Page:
Are All High School Grades Created Equal in College Admissions?

Elizabeth French

Let's face it — not every student gets the top grade in every academic subject. Everyone knows that colleges consider your GPA for college admissions, but have you ever wondered if certain grades count more than others? And what if your not-so-hot grades are in classes that are unrelated to your intended college major? Do those grades carry less weight to college admissions officers?

The answer is — it depends.

You're Usually Applying to the School -- Not the Major

In most cases, high school coursework related to a future college major does not carry more or less weight in college admissions — it's the cumulative GPA that colleges assess. This is because in the majority of cases, you are not seeking admission to a particular major at a college, but admission to the institution itself where you will likely declare a major your sophomore or junior year.

At institutions that have a liberal arts focus, intended major coursework “won't carry much weight at all," said Jamiere Abney, senior assistant dean of admissions at Colgate University in Hamilton, N.Y.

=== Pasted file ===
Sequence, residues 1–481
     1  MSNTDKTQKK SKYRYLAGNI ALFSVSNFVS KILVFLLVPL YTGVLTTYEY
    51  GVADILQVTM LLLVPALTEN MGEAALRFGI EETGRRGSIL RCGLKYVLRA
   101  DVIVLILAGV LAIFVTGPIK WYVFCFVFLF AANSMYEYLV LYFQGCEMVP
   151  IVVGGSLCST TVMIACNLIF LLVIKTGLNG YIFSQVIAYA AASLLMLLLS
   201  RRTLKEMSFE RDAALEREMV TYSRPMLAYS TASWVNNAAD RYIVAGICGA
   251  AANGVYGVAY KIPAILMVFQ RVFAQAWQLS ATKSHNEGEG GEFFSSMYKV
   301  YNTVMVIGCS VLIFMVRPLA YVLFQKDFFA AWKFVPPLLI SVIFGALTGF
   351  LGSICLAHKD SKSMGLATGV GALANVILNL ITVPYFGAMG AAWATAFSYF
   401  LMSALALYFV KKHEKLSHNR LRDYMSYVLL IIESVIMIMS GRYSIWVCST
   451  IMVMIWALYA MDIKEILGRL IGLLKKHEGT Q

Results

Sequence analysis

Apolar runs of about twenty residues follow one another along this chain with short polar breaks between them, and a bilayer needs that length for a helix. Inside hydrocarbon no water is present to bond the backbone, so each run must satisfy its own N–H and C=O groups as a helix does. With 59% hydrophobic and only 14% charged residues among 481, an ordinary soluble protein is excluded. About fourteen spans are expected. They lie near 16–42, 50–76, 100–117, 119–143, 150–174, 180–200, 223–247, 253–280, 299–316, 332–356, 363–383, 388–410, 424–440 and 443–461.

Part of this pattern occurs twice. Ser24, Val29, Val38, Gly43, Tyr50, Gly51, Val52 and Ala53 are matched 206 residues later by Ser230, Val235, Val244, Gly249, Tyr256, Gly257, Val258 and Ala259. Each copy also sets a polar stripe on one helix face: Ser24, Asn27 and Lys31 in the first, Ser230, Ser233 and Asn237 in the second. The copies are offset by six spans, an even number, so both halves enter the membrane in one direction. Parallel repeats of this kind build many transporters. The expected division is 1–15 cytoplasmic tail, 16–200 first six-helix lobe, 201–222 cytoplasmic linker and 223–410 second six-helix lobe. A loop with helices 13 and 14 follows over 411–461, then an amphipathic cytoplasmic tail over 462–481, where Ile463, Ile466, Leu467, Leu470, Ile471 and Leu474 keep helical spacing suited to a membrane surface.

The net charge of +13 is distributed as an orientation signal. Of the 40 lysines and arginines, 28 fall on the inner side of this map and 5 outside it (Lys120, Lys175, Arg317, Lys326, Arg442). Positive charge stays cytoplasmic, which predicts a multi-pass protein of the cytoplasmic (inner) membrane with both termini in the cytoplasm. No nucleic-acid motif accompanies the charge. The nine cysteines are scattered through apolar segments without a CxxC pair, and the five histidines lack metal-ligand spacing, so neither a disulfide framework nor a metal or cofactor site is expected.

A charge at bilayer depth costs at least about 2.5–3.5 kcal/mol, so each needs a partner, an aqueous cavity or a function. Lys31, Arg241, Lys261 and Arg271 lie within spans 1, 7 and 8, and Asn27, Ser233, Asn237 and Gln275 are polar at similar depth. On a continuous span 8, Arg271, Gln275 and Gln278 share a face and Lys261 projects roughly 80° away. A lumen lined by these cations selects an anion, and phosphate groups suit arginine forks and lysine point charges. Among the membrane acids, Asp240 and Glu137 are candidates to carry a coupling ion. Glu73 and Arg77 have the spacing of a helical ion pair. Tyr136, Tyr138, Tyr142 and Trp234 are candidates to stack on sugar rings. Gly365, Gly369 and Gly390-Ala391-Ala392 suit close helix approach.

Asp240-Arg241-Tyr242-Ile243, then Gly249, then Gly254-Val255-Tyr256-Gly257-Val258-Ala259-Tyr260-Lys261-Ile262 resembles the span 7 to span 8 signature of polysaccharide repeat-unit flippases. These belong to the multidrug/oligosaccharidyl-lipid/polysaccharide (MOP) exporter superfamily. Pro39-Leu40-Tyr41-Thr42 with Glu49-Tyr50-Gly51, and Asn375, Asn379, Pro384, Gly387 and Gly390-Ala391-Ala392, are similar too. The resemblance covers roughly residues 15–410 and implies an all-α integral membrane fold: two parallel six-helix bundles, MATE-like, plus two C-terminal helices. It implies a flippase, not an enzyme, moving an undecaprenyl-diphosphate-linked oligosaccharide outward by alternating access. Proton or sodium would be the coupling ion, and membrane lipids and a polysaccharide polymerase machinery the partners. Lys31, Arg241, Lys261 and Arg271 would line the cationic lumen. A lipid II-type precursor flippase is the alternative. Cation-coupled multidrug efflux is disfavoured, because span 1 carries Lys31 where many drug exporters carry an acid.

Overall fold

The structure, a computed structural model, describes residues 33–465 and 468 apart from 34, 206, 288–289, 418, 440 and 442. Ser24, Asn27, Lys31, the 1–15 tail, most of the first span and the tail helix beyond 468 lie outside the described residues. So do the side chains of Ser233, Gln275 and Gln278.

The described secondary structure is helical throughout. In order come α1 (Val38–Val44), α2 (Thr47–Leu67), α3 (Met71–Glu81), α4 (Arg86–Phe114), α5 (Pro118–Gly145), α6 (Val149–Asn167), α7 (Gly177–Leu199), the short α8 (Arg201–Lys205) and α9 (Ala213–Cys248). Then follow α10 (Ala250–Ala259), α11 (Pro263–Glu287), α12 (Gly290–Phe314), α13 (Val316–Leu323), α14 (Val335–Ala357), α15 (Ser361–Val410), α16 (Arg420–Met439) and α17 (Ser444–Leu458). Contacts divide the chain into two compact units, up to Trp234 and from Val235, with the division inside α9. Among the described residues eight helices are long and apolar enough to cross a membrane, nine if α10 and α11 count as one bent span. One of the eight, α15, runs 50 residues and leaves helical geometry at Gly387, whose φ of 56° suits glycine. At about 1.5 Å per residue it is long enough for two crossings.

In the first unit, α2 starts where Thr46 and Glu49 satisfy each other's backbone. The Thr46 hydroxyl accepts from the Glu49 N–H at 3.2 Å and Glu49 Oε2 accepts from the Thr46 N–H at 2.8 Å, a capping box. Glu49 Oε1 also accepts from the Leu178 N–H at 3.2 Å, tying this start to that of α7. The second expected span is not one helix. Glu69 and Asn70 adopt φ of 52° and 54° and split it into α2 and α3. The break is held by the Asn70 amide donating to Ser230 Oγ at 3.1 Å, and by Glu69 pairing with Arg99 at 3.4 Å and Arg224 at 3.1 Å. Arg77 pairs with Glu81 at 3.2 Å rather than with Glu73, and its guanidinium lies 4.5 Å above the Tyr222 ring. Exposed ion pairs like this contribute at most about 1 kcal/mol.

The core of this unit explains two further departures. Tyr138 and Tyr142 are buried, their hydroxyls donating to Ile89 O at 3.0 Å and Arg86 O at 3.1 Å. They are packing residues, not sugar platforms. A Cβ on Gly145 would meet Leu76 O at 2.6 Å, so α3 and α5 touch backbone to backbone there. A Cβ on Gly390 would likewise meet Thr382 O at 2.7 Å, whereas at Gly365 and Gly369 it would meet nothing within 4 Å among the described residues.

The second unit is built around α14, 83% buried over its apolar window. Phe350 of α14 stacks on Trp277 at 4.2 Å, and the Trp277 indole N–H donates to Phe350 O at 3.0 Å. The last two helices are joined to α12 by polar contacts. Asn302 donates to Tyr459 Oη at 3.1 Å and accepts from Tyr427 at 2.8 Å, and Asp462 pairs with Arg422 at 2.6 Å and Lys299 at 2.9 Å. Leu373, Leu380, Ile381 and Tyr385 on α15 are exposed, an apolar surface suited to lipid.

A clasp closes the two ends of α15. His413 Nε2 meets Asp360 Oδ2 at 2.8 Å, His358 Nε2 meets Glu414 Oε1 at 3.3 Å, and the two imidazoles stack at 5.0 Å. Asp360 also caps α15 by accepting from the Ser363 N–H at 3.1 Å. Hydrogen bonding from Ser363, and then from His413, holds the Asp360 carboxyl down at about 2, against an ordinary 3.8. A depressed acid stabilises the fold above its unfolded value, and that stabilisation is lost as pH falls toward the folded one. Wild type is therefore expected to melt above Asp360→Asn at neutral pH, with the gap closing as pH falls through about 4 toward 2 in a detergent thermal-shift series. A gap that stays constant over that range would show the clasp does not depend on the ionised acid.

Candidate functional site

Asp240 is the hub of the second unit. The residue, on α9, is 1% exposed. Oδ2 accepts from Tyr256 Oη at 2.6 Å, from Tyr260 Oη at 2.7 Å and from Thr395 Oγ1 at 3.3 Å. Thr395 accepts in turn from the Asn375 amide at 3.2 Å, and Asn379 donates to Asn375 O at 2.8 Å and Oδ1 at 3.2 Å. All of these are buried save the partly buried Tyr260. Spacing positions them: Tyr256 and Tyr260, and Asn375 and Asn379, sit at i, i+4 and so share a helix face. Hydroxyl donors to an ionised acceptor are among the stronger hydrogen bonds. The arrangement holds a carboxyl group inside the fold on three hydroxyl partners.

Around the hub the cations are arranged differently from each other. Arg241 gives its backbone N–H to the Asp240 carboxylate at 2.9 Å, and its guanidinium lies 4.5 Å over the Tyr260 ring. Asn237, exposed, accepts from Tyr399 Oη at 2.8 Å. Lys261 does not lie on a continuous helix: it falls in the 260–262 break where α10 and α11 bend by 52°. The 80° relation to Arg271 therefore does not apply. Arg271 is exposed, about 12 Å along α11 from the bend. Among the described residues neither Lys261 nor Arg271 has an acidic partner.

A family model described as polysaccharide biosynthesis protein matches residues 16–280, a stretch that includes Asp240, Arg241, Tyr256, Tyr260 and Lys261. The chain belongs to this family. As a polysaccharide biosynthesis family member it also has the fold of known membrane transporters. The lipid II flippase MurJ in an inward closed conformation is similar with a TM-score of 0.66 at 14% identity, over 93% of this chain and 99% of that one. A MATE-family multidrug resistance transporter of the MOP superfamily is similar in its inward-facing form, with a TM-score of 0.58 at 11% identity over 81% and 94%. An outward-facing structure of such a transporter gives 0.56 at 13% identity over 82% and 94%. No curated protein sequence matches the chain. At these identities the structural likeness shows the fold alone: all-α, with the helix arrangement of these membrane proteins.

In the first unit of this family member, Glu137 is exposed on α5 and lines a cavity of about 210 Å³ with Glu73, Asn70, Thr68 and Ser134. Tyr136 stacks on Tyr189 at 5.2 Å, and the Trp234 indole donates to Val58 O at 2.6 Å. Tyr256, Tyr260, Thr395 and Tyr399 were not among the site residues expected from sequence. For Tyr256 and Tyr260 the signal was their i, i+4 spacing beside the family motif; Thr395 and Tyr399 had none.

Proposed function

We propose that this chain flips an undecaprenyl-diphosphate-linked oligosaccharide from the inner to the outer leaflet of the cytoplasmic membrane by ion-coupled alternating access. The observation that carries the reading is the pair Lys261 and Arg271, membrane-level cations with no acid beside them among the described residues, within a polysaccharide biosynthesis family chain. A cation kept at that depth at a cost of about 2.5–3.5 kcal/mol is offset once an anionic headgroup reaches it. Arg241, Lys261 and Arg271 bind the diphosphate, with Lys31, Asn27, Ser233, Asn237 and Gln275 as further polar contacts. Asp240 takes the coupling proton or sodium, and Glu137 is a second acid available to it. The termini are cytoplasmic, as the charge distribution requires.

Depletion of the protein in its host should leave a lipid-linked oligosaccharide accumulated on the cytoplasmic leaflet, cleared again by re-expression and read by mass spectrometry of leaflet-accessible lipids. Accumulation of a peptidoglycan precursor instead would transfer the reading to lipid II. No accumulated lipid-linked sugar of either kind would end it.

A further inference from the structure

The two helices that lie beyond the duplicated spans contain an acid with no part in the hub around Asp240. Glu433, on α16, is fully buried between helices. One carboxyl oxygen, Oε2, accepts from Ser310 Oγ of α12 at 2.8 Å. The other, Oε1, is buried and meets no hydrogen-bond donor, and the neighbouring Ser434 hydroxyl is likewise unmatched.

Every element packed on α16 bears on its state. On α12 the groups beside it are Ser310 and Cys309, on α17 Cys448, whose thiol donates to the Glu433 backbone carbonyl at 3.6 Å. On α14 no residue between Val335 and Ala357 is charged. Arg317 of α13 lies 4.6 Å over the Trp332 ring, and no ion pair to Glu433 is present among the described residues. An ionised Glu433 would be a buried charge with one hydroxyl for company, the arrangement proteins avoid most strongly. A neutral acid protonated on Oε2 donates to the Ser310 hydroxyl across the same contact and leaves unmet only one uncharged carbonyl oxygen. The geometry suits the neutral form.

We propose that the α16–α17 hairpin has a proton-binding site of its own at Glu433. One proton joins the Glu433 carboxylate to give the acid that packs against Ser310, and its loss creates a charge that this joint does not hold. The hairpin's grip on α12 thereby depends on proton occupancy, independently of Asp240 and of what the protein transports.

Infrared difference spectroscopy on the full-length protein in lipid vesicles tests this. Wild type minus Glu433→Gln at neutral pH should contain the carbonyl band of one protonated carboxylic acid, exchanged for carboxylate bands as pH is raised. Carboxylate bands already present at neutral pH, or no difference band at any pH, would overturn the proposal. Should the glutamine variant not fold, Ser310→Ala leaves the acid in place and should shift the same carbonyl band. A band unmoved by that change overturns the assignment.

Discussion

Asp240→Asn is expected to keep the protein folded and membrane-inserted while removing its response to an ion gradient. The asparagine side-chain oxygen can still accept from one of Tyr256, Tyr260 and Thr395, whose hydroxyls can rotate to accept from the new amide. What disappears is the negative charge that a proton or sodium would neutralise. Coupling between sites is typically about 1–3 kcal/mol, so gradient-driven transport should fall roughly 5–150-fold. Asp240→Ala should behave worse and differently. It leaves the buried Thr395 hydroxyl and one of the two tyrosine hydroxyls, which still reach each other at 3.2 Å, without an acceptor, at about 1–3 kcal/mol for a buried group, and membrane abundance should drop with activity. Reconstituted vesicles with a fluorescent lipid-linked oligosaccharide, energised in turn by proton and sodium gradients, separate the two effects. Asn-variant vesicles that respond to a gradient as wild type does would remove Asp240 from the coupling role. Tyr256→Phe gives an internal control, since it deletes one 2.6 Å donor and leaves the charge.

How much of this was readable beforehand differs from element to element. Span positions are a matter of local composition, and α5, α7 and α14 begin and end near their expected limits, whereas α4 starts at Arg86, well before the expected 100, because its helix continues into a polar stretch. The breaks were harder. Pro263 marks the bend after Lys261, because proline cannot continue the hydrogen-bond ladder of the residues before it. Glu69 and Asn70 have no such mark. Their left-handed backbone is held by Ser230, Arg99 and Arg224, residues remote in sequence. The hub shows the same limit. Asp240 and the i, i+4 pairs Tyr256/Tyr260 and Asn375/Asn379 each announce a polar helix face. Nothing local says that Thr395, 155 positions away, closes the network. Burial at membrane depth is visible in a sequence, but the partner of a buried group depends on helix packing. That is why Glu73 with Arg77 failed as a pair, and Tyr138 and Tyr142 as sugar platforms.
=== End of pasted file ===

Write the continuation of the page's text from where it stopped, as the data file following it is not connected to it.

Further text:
“In our curriculum, students will spend part of their first two years exploring and being introduced to the foundation of the well-rounded education we offer here at Colgate — students aren't applying to a specific school or program and aren't required to declare a major until the end of their sophomore year," explains Abney.

At Some Colleges, Major-Specific Grades Do Carry Weight

However, if you plan to study a very specific university program that looks more closely at high school coursework to gain admission to that particular major, your grades in preparatory high school courses may hold weight in securing admission to that particular major in college. In this case, you are not just attempting to gain admission to the institution itself, but also acceptance to a particular academic program.

“At some institutions where a student is applying into a specific major or concentration, the courses that they've completed that relate to their intended field of study will likely carry more weight than others," Abney said. "For example, this makes sense for a student who plans to be an engineering and/or creative writing major."

If you suspect that your target college might put more weight on the grades from classes related to your major, contact the admissions office and ask what their policy is.